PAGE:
Saturday, 20 Safar 1441 / 19 October 2019

Saturday, 20 Safar 1441 / 19 October 2019

Village funds not effective without main infrastructure

Senin 10 Dec 2018 21:26 WIB

Red: Reiny Dwinanda

Menteri Desa, PDT dan Transmigrasi, Eko Putro Sandjojo, bersama Direktur Jenderal PKP2Trans, R. Harri Pramudiono, dan Direktur Jenderal, PKTrans, M. Nurdin, didampingi Gubernur DIY, Hamengkubuwono X, melakukan Penandatanganan Naskah Kesepakatan Bersama Sharing APBD Tahun 2019, di Kantor Kementerian Desa, Minister for Villages, Development of Disadvantaged Regions and Transmigration Eko Putro Sandjojo

Menteri Desa, PDT dan Transmigrasi, Eko Putro Sandjojo, bersama Direktur Jenderal PKP2Trans, R. Harri Pramudiono, dan Direktur Jenderal, PKTrans, M. Nurdin, didampingi Gubernur DIY, Hamengkubuwono X, melakukan Penandatanganan Naskah Kesepakatan Bersama Sharing APBD Tahun 2019, di Kantor Kementerian Desa, Minister for Villages, Development of Disadvantaged Regions and Transmigration Eko Putro Sandjojo

Foto: dok. Kemendes PDTT
Village funds must be supported by program synergies between ministries.

REPUBLIKA.CO.ID, JAKARTA -- Minister for Villages, Development of Disadvantaged Regions and Transmigration Eko Putro Sandjojo said village funds were less effective if given to an area that lacks main infrastructure support. For example, if the roads do not exist, we have to use planes, he said.

"The 1M fund becomes ineffective because of anything expensive," Sandjojo stated when he released the 2018 village potential data collection in the Office of the Central Statistics Agency (BPS) in Jakarta on Monday.

According to him, village funds are only part of President Joko Widodo-Jusuf Kalla's program, which must be supported by program synergies between ministries or other institutions, especially regarding infrastructure development projects such as roads, and the availability of affordable fuel oil.

"There is a Trans-Papua program and One Price of Fuel Oil. So, if fuel is expensive, village funds will also become ineffective," he noted.

The allocation of village funds had increased from 2015 to 2018. In 2015, village fund allocations reached Rp20.67 trillion, then increased to Rp46.98 trillion in 2016, and then to Rp60 trillion in 2017 and 2018. The absorption itself also increases every year. In 2015, village fund disbursement reached 82.72 percent, increased to 97.65 percent in 2016, and reached 98.54 percent in 2017.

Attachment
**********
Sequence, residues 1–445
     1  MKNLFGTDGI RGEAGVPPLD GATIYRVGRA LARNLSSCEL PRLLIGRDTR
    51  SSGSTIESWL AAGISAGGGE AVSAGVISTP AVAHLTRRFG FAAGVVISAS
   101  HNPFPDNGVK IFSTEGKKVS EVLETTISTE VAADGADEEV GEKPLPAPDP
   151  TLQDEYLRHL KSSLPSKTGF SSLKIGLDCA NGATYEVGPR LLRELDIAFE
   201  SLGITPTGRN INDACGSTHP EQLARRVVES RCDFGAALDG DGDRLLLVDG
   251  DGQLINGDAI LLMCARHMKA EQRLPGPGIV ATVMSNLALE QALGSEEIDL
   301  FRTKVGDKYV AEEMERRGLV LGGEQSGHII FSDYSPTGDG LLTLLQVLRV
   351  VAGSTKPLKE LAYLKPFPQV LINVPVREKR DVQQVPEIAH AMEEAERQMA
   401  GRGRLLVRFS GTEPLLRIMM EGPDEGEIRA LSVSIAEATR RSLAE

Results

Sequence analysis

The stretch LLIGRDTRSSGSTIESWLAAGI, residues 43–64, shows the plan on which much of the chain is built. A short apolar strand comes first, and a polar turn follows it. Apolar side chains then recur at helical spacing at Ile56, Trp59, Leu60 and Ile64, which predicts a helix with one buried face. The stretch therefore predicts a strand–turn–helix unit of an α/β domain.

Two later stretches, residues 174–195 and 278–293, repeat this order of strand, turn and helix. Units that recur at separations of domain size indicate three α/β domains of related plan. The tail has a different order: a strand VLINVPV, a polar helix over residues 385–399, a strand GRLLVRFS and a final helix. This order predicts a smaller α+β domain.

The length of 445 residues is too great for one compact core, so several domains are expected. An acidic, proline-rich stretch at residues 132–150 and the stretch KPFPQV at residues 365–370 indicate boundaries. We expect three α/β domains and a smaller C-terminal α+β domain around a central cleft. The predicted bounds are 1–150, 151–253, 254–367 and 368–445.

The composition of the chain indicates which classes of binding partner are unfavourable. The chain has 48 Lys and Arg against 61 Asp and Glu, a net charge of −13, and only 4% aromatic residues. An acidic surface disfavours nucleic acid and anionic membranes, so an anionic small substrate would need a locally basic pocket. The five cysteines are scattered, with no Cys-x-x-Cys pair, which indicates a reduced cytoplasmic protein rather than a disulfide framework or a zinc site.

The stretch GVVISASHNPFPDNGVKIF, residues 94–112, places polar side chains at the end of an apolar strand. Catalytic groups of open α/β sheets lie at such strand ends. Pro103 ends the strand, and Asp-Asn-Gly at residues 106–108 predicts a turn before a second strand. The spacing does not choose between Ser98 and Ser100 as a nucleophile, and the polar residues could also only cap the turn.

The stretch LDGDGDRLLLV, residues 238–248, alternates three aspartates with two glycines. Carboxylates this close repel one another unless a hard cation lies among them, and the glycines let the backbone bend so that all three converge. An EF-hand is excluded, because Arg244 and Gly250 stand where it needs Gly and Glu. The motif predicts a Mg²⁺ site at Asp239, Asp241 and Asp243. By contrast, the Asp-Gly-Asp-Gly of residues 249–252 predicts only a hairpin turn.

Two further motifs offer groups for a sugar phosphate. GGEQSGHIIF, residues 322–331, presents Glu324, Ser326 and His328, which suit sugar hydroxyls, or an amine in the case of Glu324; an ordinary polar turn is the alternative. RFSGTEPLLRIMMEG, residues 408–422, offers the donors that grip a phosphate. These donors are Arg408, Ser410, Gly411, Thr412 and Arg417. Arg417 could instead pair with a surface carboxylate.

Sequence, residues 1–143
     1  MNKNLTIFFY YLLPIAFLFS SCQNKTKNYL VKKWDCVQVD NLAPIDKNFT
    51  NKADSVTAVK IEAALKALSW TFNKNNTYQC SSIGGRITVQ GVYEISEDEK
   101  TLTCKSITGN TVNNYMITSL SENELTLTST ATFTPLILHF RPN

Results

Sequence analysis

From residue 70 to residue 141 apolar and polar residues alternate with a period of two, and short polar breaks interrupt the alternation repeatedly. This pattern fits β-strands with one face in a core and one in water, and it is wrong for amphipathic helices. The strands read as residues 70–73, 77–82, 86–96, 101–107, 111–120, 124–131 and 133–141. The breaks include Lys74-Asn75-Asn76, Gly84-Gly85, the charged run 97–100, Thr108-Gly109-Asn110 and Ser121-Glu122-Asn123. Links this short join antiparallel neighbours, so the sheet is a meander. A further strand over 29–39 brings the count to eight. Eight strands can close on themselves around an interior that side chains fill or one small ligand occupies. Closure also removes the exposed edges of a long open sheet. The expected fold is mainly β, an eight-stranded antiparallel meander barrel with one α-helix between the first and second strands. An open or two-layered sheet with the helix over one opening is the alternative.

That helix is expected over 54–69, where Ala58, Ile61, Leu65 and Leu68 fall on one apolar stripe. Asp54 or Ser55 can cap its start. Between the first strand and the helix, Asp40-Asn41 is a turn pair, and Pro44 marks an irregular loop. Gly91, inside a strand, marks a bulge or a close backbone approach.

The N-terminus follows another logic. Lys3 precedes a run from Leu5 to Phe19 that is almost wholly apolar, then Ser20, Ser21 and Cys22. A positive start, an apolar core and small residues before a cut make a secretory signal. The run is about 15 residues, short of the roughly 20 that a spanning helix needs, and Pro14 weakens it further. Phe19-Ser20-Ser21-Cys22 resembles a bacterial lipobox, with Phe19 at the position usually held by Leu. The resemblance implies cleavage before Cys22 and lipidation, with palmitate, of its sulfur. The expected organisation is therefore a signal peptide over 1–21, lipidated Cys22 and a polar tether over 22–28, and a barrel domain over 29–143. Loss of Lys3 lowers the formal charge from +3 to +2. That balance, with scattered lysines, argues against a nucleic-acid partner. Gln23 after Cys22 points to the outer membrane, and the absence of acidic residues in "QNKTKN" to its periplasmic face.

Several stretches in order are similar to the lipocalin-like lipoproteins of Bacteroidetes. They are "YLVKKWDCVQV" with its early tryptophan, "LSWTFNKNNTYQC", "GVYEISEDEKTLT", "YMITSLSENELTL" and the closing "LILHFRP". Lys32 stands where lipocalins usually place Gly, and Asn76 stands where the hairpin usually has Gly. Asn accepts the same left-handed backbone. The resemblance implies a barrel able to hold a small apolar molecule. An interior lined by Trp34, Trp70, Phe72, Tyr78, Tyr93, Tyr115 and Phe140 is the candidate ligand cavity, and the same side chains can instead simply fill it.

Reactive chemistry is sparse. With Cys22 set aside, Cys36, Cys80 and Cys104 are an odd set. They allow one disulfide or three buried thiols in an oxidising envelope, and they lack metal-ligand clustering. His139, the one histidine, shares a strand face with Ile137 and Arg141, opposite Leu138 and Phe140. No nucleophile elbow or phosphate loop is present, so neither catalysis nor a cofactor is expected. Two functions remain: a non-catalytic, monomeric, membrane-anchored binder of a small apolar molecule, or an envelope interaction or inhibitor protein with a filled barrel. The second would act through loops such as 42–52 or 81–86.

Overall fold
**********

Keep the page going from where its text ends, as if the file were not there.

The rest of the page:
Previously, each village only received around Rp280 million per village. Currently, each village receives around 800 million per village.

Based on the 2018 data of villages' potentials released by BPS, there is a Village Development Index (IPD), which is an index showing the level of development of villages with lagging, developing, and independent status. According to the results of the categorization of IPD, underdeveloped villages reached as many as 14,461 villages (19.17 percent), developing villages reached 55,369 villages (73.4 percent), and independent villages reached 5,606 villages (7.43 percent).

The number of villages with underdeveloped status was reduced by 6,518 villages, exceeding the government's target in the 2015-2019 midterm development plan (RPJMN), namely the reduction of five thousand disadvantaged villages. Similarly, the target of adding independent villages passed the target of two thousand villages.

However, with regard to disadvantaged villages, the largest number of disadvantaged villages is still in eastern Indonesia, such as the islands of Papua, Maluku, and Kalimantan. These islands have a high number of disadvantaged villages; for example, Papua at 87.12 percent, West Papua at 82.03 percent, Maluku at 46 percent, North Maluku at 37 percent, and North Kalimantan at 61 percent.

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